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Wavves crash into Observatory with King Tuff, Jacuzzi Boys

Jacuzzi Boys at The Observatory
Jacuzzi Boys at The Observatory
Jesse Seilhan

Wavves at The Observatory


Burger Records does it right. Their shows have a feeling to them, an underlying level of both chaos and throughlines that makes for some of the most fun punk, rock, and indie shows in Southern California. Before the night begun, a young lady wearing church attire (red sweater button-up, simple skirt) spun the opening house music on vinyl, carefully choosing the right tunes for the night’s performance. The doors opened at 7:00 but the first band didn't start until after 8:30, giving the packed crowd more time to push their way to prime screaming range. They jostled their way up to the front before the opener even hit the stage, dying to get a prime spot for the headliners.

Wavves' Nathan Williams
Jesse Seilhan

Jacuzzi Boys

Singer/guitarist Gabriel Alcala switched on like a man raised on menthol and Creedence Clearwater Revival, turning a harder edge than the remaining bands. The motto might just be “hooks be damned, solos will rule the day” as the trio lays out a bed of pure rock drive while Alcala jumps all over it. The combination of some sturdy bass and the frantic yet wieldy drum styling pays off faster than anticipated, giving the band their own niche in the noisey fuzz rock universe. Jacuzzi Boys have seem to matured faster than their brethren while nearly perfecting the trichotomy of thrash trios, following in the footsteps of The Stooges if Iggy and Ron Asheton melded together. They play the soundtrack to the abstract weirdness that is Florida, their home state and launching ground. Definitely a band worth watching.

King Tuff

King Tuff has a deceptive look and sound, producing a pseudo-Southern backbone with the drum and bass sections until singer/King Kyle Thomas just goes buckwild on his guitar. He rips multiple shredfests per song, never content with just the first. If the Jacuzzi Boys got the crowd into a sweat, King Tuff figured out how to expel that sweat. Very danceable and headbangaable, all at the same time, crossing boundaries with each track. Bassist Magic Jake smiled the whole time, wearing an American bandana with medium-length blonde hair poking out like a vintage Hulk Hogan. Garret Goddard on drums pulls off the Chad Smith look but with a simpler kit and more attention to the bass drum.

Surprisingly, they were able to strum a ballad or two without losing face. One of the more appealing aspects of this new wave of garage rock is the enhanced sensitivity. Nearly gone is the borderline misogyny caked in to too many "dude alone in his room” records and in its place is a semi-doo wop attention to the yin and the yang. Thomas pulled this off quite well, relishing in his not-so-macho vocal style and showing a confidence needed to pull it all off.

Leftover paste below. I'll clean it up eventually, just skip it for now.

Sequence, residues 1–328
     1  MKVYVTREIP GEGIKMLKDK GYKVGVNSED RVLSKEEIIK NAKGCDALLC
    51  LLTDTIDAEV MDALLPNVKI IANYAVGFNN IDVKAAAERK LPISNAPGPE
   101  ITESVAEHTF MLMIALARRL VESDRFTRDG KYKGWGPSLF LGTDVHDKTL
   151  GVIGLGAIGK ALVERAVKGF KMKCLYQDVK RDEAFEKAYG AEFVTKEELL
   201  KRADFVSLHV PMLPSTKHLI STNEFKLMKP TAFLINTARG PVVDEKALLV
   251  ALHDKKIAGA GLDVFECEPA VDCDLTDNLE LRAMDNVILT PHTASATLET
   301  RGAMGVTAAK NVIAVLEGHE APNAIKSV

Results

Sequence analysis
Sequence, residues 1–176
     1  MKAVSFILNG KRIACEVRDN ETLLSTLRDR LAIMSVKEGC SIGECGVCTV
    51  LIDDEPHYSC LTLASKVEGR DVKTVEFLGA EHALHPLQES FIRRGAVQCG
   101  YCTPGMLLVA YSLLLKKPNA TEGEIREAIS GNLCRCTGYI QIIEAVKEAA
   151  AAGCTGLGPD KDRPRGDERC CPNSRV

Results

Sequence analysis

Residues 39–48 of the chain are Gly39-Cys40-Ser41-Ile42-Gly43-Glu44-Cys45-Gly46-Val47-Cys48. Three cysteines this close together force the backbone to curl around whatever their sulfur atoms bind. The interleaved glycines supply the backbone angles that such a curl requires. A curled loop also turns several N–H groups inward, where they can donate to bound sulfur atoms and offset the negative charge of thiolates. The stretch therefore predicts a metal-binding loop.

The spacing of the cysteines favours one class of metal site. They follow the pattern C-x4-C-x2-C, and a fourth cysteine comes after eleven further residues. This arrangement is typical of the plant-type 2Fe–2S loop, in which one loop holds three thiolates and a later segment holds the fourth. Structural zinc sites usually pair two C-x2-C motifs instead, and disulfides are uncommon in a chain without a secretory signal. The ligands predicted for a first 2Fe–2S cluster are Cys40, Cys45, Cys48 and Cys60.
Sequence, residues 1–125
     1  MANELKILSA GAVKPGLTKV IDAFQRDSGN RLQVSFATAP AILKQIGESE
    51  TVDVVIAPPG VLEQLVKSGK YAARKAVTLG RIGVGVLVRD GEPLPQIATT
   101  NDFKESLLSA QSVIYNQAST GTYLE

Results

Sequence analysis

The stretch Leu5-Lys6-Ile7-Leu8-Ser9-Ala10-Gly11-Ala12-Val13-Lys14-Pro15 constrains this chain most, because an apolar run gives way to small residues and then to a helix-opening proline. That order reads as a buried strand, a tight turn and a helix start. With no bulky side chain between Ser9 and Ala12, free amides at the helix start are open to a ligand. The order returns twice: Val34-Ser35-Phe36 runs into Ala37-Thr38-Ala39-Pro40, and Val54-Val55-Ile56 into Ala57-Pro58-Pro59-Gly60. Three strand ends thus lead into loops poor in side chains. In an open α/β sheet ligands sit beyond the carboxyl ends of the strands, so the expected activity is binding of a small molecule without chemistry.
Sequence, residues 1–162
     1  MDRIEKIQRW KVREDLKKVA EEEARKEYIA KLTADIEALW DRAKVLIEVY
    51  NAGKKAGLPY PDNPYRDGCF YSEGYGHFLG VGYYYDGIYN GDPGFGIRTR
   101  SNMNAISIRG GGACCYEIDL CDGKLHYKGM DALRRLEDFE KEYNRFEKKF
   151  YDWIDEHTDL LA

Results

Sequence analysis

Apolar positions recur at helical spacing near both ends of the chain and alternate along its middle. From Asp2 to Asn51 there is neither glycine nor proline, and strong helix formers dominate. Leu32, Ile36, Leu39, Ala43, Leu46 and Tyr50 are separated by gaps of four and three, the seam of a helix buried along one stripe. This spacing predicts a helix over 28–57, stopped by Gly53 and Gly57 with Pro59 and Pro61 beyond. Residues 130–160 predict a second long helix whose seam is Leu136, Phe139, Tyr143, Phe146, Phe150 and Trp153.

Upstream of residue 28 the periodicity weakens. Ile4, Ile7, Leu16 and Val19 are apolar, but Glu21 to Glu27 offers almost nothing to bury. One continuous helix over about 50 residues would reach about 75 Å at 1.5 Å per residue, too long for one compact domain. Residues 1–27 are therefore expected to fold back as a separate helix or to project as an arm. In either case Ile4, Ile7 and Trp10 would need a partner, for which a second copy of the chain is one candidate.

When Thomas wants to show off his picking and strumming skills, he leaves the band behind and escalates the song into something more. Dude abuses his axe each song, crescendoing each finale like it’s the encore of a two-hour set. He was even able to pull out and use an inhaler without missing a beat. A couple songs dip into too simple territory, but the overall vibe is stellar and worth the price of admission.


The orange flying-V bass from Stephen Pope and neon green guitar by guitarist Alex Gates burst out of the drab pastel house lights muting the band. If King Tuff’s theme was one of glow-in-the-dark semi-psychedelia, then Wavves was going for the lucid and happy comedown. The crowd went nuts from the moment the band stepped on stage and didn't stop crowd surfing just about all night. Singer Nathan Williams has the boyish charm yet rugged angles built for driving his female fans nuts, even if they are ten years younger than he is. Pope did most of the rocking out, putting his semi-blonde mane to good use. Their off-stage antics and larger-than-suburban-life mythos pulls a ton of fans in, but their carefully constructed near-pop punk keeps them dancing. The speakers inside the Observatory oozed the white noise and high-pitched vocals into one digestible slime.

They played their Grand Theft Auto V-exclusive track “Nine is God” and it got a big pop, as most tracks do when attached to billion-dollar mega hits, whether it be movies, games, or TV shows. Much like with the Madden franchise, having a song in GTA exposes the band to a new audience that is more willing to check out the band’s past work. The set list stuck to the past two releases, definitely the band’s most prescient material to date. "Afraid of Heights" mended a little bit of what "King of the Beach" tore up, never getting as deliciously sloppy as a song like "Idiot" or "Super Soaker."

Williams' most impressive talent is his ability to belt and sing without sounding the least bit whiny, something his peer group has trouble with when establishing a song's narrative. He doesn't take command as much as he just begins and you're expected to join the ride. The neo-skateboard DIY surf rock fires the same neurons as a FIDLAR but far more efficiently. A few eerie pieces add to the overall mystique of Wavves, a band built for recreating Las Vegas runs ala Fear and Loathing. The entire package is more carefully orchestrated then it gives itself credit for, as under the fuzz is a traditional plateau of rock hooks, built on the backs of two to three chords.

The band is on a steady pace forward, putting out better material each year and establishing themselves as a killer live band. When they can slay sold out shows and keep growing an army of fans, there should be nothing stopping Wavves except for Wavves. Hopefully they embrace their position as the best version of this garage revival, inspiring not only new bands to take the reigns but allowing them to not be as aggressive or ridiculous as some of their competitors.